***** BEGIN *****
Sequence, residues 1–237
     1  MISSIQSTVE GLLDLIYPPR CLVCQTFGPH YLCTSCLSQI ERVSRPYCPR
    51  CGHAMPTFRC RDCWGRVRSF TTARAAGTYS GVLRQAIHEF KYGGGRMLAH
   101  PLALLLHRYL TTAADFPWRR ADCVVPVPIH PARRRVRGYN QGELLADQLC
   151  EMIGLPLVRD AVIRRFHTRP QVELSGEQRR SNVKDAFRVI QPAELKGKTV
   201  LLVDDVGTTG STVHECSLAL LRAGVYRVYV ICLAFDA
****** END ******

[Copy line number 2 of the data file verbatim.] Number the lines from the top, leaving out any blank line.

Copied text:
     1  MISSIQSTVE GLLDLIYPPR CLVCQTFGPH YLCTSCLSQI ERVSRPYCPR